Offseason In Review: Atlanta Hawks

Over the next several weeks, Hoops Rumors is breaking down the 2016 offseason for all 30 NBA teams, revisiting the summer’s free agent signings, trades, draft picks, departures, and more. We’ll evaluate each team’s moves from the last several months and look ahead to what the 2016/17 season holds for all 30 franchises. Today, we’re focusing on the Atlanta Hawks.

Free agent signings:

Camp invitees:

Contract extensions:

  • Dennis Schroder: Four years, $62MM. Rookie scale extension. Goes into effect in 2017/18. Includes $2MM annually in unlikely incentives for a max value of $70MM.


Draft picks:

Departing players:

Other offseason news:

Check out our salary cap snapshot for the Atlanta Hawks right here.

NBA: Washington Wizards at Atlanta HawksIt was a mere two seasons ago that the Hawks won a franchise-best 60 games and advanced to the Eastern Conference Finals. Atlanta regressed to 48 wins in 2015/16 and a second-round playoff ouster at the hands of the eventual NBA Champs, the Cavaliers. While there’s certainly no shame in losing to Cleveland, it marked the last ride of Atlanta’s core players of recent years.

The Hawks enter 2016/17 a markedly different team, and while they should remain competitive in the East, it would be extremely difficult to argue that they are a better club than has taken the court the past few campaigns. The outcome of the 2016/17 season will rest on how coach/executive Mike Budenholzer will adjust to the departures of two key players.

The most significant change in Atlanta was the departure of Al Horford, who had manned the paint for the team the past nine years. The 30-year-old signed a maximum salary deal with the Celtics after the Hawks had reportedly balked at offering up that amount to retain him. While it would have maintained continuity and better PR if the team had re-signed Horford, I can understand the Hawks being hesitant to offer a long-term max deal to a big man on the wrong side of 30. Teams often end up paying big money for past performance rather than current output, which likely would have been the case if Atlanta re-signed Horford.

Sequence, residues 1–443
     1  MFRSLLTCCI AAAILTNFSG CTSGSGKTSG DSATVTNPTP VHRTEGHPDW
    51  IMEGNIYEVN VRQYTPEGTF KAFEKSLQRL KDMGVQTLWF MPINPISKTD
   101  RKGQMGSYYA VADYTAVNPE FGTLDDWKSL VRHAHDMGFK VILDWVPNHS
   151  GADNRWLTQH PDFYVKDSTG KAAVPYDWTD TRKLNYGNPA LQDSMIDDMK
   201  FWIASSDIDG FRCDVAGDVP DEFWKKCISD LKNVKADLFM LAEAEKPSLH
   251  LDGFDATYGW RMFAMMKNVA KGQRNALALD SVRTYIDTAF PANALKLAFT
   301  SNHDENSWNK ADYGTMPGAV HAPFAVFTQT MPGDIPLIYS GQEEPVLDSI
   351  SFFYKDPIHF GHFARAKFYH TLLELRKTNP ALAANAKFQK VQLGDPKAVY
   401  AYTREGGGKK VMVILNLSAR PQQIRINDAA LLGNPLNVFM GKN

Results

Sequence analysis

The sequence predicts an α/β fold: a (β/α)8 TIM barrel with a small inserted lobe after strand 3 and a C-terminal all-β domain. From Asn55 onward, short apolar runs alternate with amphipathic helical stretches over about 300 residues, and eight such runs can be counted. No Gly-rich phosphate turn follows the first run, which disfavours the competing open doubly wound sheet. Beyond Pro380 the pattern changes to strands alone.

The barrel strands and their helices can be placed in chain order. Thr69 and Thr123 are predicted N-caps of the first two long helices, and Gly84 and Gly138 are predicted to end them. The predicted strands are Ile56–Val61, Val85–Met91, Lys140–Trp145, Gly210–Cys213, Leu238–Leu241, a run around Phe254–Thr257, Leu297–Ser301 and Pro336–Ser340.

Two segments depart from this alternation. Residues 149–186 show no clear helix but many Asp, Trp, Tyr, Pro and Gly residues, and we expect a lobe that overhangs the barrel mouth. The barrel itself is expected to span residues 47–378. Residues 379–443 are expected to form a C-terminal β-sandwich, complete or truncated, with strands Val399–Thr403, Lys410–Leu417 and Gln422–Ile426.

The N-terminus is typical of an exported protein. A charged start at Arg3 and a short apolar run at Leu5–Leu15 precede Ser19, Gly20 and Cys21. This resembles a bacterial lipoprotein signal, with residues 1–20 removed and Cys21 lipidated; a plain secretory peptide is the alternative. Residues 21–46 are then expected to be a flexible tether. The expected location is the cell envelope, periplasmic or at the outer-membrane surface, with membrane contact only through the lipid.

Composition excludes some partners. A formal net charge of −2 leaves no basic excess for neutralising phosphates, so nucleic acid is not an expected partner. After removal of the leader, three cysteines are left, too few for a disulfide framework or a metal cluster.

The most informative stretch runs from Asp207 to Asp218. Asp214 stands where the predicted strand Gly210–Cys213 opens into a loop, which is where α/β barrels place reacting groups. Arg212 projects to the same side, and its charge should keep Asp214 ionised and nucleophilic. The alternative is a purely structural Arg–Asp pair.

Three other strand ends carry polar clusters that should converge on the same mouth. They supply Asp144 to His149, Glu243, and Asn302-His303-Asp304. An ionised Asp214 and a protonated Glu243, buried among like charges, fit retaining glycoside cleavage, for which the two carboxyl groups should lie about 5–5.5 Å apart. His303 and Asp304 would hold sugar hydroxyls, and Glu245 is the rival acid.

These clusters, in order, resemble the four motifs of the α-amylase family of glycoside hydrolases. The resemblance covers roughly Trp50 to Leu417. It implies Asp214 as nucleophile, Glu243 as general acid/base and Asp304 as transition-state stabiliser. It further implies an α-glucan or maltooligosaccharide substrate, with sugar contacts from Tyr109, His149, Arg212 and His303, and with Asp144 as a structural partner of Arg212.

The franchise had a solid backup plan to mitigate the loss of Horford, signing unrestricted free agent and Atlanta native, Dwight Howard, to a three-year, $70.5MM pact. The addition of Howard doesn’t come without risk given his injury issues the past few seasons, at times questionable locker room presence and will to win. But landing Howard on just a three-year deal for less than the max should be considered a win for the Hawks. Howard should be motivated to prove he wasn’t the problem in Houston, where the pairing of he and James Harden failed to work on any level. His offense output won’t measure up to Horford’s, but he is an upgrade defensively and on the boards. If Howard can remain healthy, and that’s in no way a given, this is a move that could pay off handsomely for Budenholzer and company.

The other significant player change, and one that I think will have a more adverse effect on the Hawks than the loss of Horford, was the trade of Jeff Teague to the Pacers for the rights to Taurean Prince, who was selected No. 12 overall in this year’s NBA Draft. Jettisoning Teague signaled a changing of the guard, with the team turning over the reigns to Dennis Schroder, who had openly expressed his desire to become an NBA starter. I would be more comfortable with the switch if the Hawks had more depth at the one, but as it currently stands, 27-year-old rookie Malcolm Delaney is the only other point guard on the roster. If Schroder is injured or falters, things could get ugly in Atlanta pretty quickly. It still remains to be seen if Schroder can be effective as a starter in leading the offense as well as make up for the loss of Teague’s scoring. I like Schroder’s potential, but he’ll need to become a far more consistent outside shooter if Atlanta is to be successful as a team. The Hawks are banking their future on the German after signing him to a four-year, $62MM rookie-scale extension.